Has this ever happened to you? You’re chatting with someone you don’t know very well and after they leave you remember all the things you should have said or done. For instance, I ran into a high school alumni at a farmer’s market and instead of giving him a business card to get in touch with me I pointed out my website address on my bag.
To be fair it’s a lot easier to remember something simple like You Get Well Soon than it is to ask him to remember my name and its exact spelling. (Some names are complicated and mine really is one of them.)
It also would have been nice for me to remember some of the details I wanted to at the time that I was giving away my maternity and early baby clothes. Life is pretty funny. I was trying desperately hard to find a local organization to take these items along with some baby stuff (swing, breast pump, sling, etc.). I am now and always have been a firm believer in donating rather than trashing my used stuff. And I don’t know why I forget every time but it’s like the organizations go out of their way to not get donations of anything other than cash. Now I understand that used stuff (and even new stuff – that they’d prefer) requires sorting and storing and assessing needs and therefore Manpower. I get that. Not every facility has storage space or enough volunteers to make this possible. I really do get it. BUT. Why is it that items that were perfectly good for me and my kids are somehow found to be lacking for the less fortunate?
They’re less fortunate – why do they need better stuff than I used?
I ran into this years ago when I wanted to give away my car. Plenty of organizations were willing to have me trash my car and then give me a tax voucher. That’s not what I wanted. It was a fully roadworthy vehicle. Subarus last forever – well practically. They’ll go until the body rusts through and there’s either nowhere to sit or the engine falls out. But giving it away was a nightmare. After far too many phone calls and surly volunteers (I even talked to churches), I ended up finding someone through my mom who needed a car.
This lady grew up in a less that ideal situation and had let’s say a limited trust of people. She befriended my mom though and they were quite close. When I gave her my car she was not only happy to have a working car – for free, she also gained some measure of faith in people. The small thing caused a ripple effect. And I was happy to do it. I’d rather give my car to someone who can use it that trash it or go through the hoops of selling it for a few hundred bucks.
So likewise, I wanted to give my old maternity and baby stuff away. There is a never-ending need for these items by those ladies who cannot afford them for any number of reasons. So why is it so hard to be charitable with such items? I burst into a conversation a table of ladies had at a coffee shop regarding charities. (Not surprised are you?) They were discussing the sad state of charities. One point that was brought up was the high number of organizations. Each, of course, with at least one paid position . It’s not a bad way to make money. Solicit funds for a genuine cause, get the tax breaks and collect an income while doing good. Sounds like a perfect scenario. And it would be if there weren’t so many thus spreading the actual usable dollars so thin. Think of it, if there is say $1 million dollars donated annually to charities in your city geared towards those who are financially in dire need (homeless and those victims of abuse who need to abandon their homes). Of that million wouldn’t more actually go to those in need if there were fewer agencies and therefore not only less overhead (as far as salaries go) but also more volunteers that donate their time would all be working for the same place – getting more done.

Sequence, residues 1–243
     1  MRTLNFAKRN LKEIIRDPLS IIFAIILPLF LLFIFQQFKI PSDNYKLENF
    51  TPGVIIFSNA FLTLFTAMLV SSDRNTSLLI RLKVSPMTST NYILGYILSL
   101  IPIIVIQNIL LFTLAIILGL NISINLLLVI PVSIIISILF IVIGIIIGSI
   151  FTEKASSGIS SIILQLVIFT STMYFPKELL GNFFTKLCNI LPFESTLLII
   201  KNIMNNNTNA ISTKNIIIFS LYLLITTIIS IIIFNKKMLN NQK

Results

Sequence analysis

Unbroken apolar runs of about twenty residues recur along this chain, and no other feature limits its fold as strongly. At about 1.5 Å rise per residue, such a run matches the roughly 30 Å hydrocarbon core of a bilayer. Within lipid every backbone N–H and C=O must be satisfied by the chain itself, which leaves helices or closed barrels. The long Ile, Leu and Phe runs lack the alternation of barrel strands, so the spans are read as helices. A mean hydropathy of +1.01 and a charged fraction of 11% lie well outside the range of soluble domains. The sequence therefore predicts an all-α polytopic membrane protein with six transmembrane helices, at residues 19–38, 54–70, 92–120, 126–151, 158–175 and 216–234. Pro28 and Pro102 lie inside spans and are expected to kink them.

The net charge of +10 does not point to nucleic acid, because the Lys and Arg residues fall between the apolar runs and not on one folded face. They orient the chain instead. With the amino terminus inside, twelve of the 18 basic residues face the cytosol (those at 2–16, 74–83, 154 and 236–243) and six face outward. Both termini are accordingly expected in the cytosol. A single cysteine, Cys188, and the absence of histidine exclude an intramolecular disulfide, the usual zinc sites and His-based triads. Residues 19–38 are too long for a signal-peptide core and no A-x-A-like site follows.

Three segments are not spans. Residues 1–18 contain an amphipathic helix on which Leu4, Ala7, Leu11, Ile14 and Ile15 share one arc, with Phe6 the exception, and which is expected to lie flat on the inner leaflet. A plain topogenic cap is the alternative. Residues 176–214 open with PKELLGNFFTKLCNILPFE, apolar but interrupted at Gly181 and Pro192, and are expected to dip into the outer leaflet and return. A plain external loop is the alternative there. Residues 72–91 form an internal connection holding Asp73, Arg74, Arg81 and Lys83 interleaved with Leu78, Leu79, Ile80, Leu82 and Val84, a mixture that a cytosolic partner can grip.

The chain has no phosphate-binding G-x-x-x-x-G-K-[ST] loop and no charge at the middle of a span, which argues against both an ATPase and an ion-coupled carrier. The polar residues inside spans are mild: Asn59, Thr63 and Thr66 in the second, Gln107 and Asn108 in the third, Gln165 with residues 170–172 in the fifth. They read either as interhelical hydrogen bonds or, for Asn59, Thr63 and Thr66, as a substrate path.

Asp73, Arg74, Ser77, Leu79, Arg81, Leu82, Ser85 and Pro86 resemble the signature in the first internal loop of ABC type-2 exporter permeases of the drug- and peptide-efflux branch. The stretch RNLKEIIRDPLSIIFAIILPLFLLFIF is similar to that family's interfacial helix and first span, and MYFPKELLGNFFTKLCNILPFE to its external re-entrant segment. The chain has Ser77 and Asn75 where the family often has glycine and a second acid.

After what seemed like endless calls to about a dozen agencies, I got referred to 2 places. The Thrift Store which is an arm of the Salvation Army and the Women in Need store.
Now they will take the clothes but not any ‘furniture’ and apparently the swing was considered furniture and was deemed un-donatable. How I was told that they work is that they are a store. So anyone can come in and buy anything in the store. And, they give vouchers to those who qualify and they can ‘spend’ them on whichever items in the store that they need. It’s like giving them away but also has I suppose an accountability associated with the donation.
Needless to say, I did not end up using these organizations for the donation of my baby and maternity stuff. I called up a couple well-connected people I know who then led me to the same lady. She and her husband came by my home and picked up the items. I told them they could go through the stuff now and leave what they didn’t want or they could take everything if they promised to give away what they wouldn’t use. They were great and seemed to be appreciative of the items. They were actually really cute and asked about a few aspects of parenthood and I volunteered what info I could at the time – and then directed them to my blogs (here and through Blogger) to flesh out some topics that are too big for people who don’t really know one another to get into – like breastfeeding and diapering without droning on and on. Can’t really do that with people who not only have come from work and are tired already but also, hello, pregnant lady. She doesn’t need to be on her feet any more than is absolutely necessary.
Bottom line – it shouldn’t be this hard to give quality items to those who genuinely need them. The women who got my things could use them and I’m sure the expenditure savings were nice but Need is another concept altogether. It’s a shame that it isn’t easier to connect the haves with the have nots when both parties want.